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Dawsonville Highway gridlock, growth raise concerns
Several traffic fixes planned on key artery, but some not for a decade or longer
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Local officials are seeking solutions to traffic congestion on fast-growing Ga. 53.

The uproar over a proposed 820-home retirement community in Gainesville remains focused on worries over the development’s impact on Dawsonville Highway/Ga. 53 traffic.

But the subject turned last week as to what can be done to fix the gridlock there now, long before the development’s buildout.

And resident Clyde Morris, speaking Tuesday to a group of transportation planners, was very direct about one of those fixes — widening the road to six lanes, a project that’s not slated to start until at least 2031.

“I will probably be dead (by then), but I would prefer not to die in traffic,” he said.

The comment drew laughs, but residents are quite serious about the matter.

They want traffic problems fixed before any more high-traffic developments are added to the road, with most of the headache centered around growing retail development between Ahaluna Drive and Shallowford Road.

“We are currently experiencing gridlock at rush hour, both in the morning and the afternoon, and we haven’t even gotten to the summer recreation season yet,” Morris said, noting Lake Lanier’s draw of some 7« million visitors each year.

Another resident spoke on the subject at Tuesday night’s Gainesville City Council meeting.

“These jams are frustrating, but they’re also costly, wasteful and they’re potentially very dangerous,” resident Pat Horgan said. “They’re affecting commuters, shoppers, merchants, tourists, community services, taxis, freight carriers, maintenance providers, emergency responders and people of all stripes. That’s a bad situation.”

Ethan Underwood, a lawyer representing Atlanta-based Oak Hall Companies, which plans to take its proposal in May to the Gainesville Planning and Appeals Board, said development officials are very aware of the traffic situation.

“We feel that this development, with an age-restricted residents requirement, is actually going to have less impact on the traffic than what is currently zoned and requires no additional approval,” he said.

“We’re going to make any improvements recommended” by the Georgia Mountains Regional Commission and the Georgia Department of Transportation.

“There are going to be multiple exits and entrances that would serve this development,” Underwood added.

Several traffic improvements — short- and long-term — are planned for the road.

In an email circulated last week, the DOT said a Atlanta-based consulting firm, Arcadis, plans “to collect traffic data and construct a model of the corridor.

“We can assess potential improvements once the model is built,” states the email from SueAnne Decker, district traffic engineer. “(Oak Hall’s) development on Ahaluna is included as part of the model.”

The study should be completed this summer, DOT district spokeswoman Katie Strickland.

District Engineer Brent Cook talked at annual transportation forum Thursday about Arcadis’ efforts.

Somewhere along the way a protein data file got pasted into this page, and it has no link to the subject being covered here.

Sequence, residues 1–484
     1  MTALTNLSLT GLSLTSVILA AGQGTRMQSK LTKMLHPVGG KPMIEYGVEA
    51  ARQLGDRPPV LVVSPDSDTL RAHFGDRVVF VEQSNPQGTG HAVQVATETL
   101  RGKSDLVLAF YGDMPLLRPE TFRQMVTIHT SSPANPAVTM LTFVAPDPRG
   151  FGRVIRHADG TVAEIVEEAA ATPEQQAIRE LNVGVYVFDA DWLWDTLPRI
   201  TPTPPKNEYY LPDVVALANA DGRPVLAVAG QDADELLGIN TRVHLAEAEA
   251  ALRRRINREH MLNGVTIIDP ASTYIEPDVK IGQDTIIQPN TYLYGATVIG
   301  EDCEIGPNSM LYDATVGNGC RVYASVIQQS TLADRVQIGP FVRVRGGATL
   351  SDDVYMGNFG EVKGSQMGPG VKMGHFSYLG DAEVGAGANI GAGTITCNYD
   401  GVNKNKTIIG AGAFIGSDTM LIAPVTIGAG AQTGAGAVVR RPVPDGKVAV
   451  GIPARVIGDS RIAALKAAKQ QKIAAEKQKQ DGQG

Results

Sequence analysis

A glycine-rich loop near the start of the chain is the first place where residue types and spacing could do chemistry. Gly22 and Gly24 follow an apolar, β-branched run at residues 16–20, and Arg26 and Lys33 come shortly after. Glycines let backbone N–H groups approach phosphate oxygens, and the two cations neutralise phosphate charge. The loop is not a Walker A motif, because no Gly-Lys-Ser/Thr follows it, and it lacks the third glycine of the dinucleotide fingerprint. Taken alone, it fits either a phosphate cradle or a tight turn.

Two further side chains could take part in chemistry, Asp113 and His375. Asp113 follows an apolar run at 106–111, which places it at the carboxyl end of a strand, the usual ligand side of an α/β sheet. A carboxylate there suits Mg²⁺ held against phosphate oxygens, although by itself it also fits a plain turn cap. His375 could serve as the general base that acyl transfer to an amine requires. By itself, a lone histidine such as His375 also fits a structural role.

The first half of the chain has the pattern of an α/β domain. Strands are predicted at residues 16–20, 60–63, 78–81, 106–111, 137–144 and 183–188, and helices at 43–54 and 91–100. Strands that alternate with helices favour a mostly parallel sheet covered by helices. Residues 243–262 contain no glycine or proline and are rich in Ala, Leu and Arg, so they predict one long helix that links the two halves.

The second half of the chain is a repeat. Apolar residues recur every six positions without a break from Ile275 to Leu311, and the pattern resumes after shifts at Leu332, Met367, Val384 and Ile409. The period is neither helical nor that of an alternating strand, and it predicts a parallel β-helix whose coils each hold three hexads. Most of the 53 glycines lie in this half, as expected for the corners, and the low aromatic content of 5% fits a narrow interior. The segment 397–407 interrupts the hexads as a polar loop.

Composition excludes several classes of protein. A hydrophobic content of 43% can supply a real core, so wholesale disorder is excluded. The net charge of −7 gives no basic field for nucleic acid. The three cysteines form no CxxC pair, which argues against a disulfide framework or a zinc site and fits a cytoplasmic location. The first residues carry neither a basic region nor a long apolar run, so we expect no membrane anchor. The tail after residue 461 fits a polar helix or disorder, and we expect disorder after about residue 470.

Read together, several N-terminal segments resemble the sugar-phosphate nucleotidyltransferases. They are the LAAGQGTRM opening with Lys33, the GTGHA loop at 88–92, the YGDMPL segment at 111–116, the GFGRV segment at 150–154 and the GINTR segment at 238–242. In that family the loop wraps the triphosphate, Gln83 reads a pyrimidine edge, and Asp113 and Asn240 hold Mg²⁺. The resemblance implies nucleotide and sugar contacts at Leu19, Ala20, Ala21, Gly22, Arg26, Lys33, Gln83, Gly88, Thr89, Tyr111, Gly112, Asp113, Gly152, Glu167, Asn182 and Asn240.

“The consultant was out there the last couple of weeks and has done a lot of traffic counts, so we have current data,” he said.

Generally, the city and DOT “have had several meetings to discuss the challenges of this corridor and we are currently evaluating additional projects to alleviate the traffic congestion,” Public Works Director Chris Rotalsky has said.

For its part, the city is working to expand a traffic monitoring system that allows employees “to observe, by live video, each intersection along this corridor and make immediate (signal) timing changes” as needed, Rotalsky said.

Basically, signal equipment can be managed in real time through video monitoring “during times of heavy traffic and emergencies to maximize traffic flow,” he said.

And the DOT is planning to extend the westbound left turn lane at Green Hill Circle in an $81,028 project set for completion by March 26.

Several improvements also recommended in Gainesville’s Transportation Master Plan, which was completed in 2013.

As Morris pointed out, the plan calls for widening Dawsonville Highway to six lanes between Shallowford Road and Sportsman Club Road. The project is slated to happen between 2031 and 2040.

Improvements are planned sooner at Dawsonville Highway’s intersection with McEver Road, including adding a westbound right-turn lane. That work slated to happen before 2020.

Also, according to the Master Plan, a new road connecting Dawsonville Highway to Thompson Bridge Road, which travels into North Hall, is planned.

The project, involving a bridge across Lake Lanier, would run about 1 mile south of Thompson Bridge to an undesignated location on Dawsonville Highway.

“This connection ... may also use segments of existing roadways,” the city’s plan states.

That project is slated to happen between 2021 and 2030.

Officials expect to update the Master Plan in 2023, but in the meantime, the priority of projects could be “adjusted based upon needs,” Rotalsky said.

Another road project, the long-proposed Sardis Road Connector, could help steer traffic away from the clogged area Ahaluna and McEver, as it would link Dawsonville Highway to Thompson Bridge Road at Mount Vernon Road.

But that fix may not happen for several years.

The connector, which officially has been on the books at least since 2004, is waiting on another major road project, Spout Springs Road widening in South Hall.

“We are still planning on purchasing right of way with funds that we are using for (Spout Springs), upon reimbursement from the Georgia Department of Transportation,” County Engineer Kevin McInturff has said.

“This places the beginning of right of way acquisition for the Sardis Road Connector out a minimum two years from now.”

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